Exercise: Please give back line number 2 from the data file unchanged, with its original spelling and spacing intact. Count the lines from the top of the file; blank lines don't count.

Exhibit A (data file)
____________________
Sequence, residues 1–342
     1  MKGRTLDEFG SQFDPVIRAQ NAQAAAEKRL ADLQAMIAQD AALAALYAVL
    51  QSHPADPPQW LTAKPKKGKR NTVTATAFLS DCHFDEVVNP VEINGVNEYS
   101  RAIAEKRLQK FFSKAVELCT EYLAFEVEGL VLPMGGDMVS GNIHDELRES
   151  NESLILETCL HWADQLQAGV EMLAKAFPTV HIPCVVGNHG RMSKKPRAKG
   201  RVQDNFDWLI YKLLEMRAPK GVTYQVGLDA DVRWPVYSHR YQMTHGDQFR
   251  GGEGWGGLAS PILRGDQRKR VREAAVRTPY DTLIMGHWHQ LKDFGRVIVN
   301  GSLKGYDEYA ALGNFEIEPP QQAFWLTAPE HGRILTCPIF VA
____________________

     1  MKGRTLDEFG SQFDPVIRAQ NAQAAAEKRL ADLQAMIAQD AALAALYAVL